A little light agitprop goes a long way in Spain where the Madrid-based, anonymous art collective Luzinterruptus combined a tradition of prayer with protest at soaring electricity costs.
January 2017 saw predictions that domestic power bills would grow by around € 100 a year on average. The government blamed a rise in raw energy prices, a drought that hit hydro
production, and having to sell energy to France where 20 of its 58 nuclear facilities were offline due to safety concerns. Luzinterruptus, though, was particularly irked by Spain’s so-called
sun tax, which makes solar panel owners pay for the electricity they generate for themselves, and prohibits them from selling any excess. Known for short-lived but subversive installations –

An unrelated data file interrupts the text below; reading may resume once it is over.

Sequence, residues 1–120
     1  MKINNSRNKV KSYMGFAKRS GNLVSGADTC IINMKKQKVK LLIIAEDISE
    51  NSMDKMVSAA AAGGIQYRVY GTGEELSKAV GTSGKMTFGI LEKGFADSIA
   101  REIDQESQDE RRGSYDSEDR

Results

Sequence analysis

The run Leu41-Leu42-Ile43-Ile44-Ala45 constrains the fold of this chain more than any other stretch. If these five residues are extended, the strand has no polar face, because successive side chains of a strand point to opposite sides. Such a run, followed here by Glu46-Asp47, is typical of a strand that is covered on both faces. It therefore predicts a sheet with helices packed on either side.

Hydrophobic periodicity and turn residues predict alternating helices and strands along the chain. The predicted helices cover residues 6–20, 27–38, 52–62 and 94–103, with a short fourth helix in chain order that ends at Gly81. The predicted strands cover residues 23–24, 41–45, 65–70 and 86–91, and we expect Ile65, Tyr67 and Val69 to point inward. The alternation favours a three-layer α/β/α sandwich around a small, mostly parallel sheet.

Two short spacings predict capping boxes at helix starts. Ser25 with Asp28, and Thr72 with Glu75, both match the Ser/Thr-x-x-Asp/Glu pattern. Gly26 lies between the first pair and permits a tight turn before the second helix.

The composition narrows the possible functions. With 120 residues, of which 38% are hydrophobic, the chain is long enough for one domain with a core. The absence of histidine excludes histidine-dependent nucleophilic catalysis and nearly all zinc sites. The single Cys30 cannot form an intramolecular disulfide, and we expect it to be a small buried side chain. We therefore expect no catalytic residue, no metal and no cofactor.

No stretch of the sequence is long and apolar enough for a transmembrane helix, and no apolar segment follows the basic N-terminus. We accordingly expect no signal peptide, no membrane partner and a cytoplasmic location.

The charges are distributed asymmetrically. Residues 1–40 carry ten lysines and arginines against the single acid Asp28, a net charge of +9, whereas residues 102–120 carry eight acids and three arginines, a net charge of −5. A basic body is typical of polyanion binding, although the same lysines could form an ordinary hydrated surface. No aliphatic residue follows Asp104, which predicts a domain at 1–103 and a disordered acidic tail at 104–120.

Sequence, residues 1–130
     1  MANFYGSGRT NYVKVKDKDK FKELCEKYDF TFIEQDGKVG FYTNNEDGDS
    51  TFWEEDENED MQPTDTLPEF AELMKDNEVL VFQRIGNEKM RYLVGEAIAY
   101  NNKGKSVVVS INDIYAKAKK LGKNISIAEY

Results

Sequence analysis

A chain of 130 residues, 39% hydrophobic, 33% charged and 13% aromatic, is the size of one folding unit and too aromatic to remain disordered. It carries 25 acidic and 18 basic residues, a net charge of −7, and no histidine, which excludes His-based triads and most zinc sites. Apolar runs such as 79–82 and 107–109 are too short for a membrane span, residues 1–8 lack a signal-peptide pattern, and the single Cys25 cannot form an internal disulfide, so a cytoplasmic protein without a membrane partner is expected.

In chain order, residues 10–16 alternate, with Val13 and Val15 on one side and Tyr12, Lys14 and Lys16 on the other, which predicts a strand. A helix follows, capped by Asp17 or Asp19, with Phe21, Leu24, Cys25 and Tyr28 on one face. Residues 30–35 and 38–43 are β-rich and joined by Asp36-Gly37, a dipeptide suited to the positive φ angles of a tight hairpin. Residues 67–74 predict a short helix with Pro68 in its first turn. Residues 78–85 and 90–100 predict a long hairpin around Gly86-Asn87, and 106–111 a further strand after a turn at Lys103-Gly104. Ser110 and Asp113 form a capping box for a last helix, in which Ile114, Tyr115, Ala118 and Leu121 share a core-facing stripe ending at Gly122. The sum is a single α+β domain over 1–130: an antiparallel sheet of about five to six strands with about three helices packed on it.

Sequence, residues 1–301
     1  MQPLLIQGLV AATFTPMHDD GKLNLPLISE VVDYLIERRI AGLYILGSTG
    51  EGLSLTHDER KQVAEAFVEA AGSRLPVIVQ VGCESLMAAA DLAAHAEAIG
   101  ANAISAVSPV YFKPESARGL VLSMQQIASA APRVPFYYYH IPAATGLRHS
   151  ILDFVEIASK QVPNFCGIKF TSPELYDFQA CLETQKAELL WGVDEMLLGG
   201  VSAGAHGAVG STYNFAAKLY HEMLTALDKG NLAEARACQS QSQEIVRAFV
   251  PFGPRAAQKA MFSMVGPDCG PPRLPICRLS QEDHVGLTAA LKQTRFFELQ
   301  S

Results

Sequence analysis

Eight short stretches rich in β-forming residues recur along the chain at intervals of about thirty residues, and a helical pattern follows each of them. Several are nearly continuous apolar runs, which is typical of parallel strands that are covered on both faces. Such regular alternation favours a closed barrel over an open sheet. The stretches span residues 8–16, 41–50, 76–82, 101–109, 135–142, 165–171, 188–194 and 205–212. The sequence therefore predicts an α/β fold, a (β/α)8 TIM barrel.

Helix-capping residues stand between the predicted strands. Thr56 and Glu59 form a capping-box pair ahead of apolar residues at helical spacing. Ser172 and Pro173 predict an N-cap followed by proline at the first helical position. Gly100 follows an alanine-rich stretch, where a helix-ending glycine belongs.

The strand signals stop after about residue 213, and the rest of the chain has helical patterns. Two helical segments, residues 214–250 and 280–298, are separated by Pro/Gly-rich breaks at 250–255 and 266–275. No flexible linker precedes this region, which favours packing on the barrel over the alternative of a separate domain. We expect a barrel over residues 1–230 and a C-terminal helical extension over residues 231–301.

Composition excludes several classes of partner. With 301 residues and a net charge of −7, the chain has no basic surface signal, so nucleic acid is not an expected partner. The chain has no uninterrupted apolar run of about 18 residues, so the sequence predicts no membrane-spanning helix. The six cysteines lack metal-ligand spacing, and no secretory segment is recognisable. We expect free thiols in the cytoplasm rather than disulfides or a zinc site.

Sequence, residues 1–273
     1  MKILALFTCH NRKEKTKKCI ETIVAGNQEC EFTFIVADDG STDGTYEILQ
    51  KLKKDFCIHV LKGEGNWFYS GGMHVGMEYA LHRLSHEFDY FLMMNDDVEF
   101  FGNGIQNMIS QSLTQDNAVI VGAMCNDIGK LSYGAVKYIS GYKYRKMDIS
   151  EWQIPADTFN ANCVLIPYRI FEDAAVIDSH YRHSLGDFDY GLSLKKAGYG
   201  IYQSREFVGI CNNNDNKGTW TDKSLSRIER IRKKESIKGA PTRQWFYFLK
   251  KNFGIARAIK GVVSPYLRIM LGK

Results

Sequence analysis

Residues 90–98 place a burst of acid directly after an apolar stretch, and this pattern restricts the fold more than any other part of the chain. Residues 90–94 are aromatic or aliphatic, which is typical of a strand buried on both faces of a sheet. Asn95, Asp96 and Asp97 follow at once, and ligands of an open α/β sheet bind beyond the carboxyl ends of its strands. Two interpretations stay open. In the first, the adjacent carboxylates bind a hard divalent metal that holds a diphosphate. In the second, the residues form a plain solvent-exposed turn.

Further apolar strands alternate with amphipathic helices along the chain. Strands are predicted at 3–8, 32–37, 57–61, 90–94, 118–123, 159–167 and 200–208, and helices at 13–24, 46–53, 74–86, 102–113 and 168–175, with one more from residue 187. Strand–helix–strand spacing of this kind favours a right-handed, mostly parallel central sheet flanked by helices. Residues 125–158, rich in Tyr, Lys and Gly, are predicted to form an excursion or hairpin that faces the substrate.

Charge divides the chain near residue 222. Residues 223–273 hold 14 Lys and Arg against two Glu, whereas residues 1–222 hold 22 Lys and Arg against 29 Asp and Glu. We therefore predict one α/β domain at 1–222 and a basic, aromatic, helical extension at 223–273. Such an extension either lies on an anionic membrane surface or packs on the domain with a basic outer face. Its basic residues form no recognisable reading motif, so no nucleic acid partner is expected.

from dumpsters full of illuminated carrier bags to mazes of lit plastic bottles – Luzinterruptus placed 50 illuminated figurines in the high niches of half a dozen concrete light columns
in Villa de Vallecas, Madrid. Timed for Palm Sunday, an important date in the Christian calendar, the idea was to inspire the working class district’s citizens to mass at the city’s busy
Puerta del Sol and pray with candles. Whether by divine, artistic or popular intervention, moves have been made to scrap the controversial impost.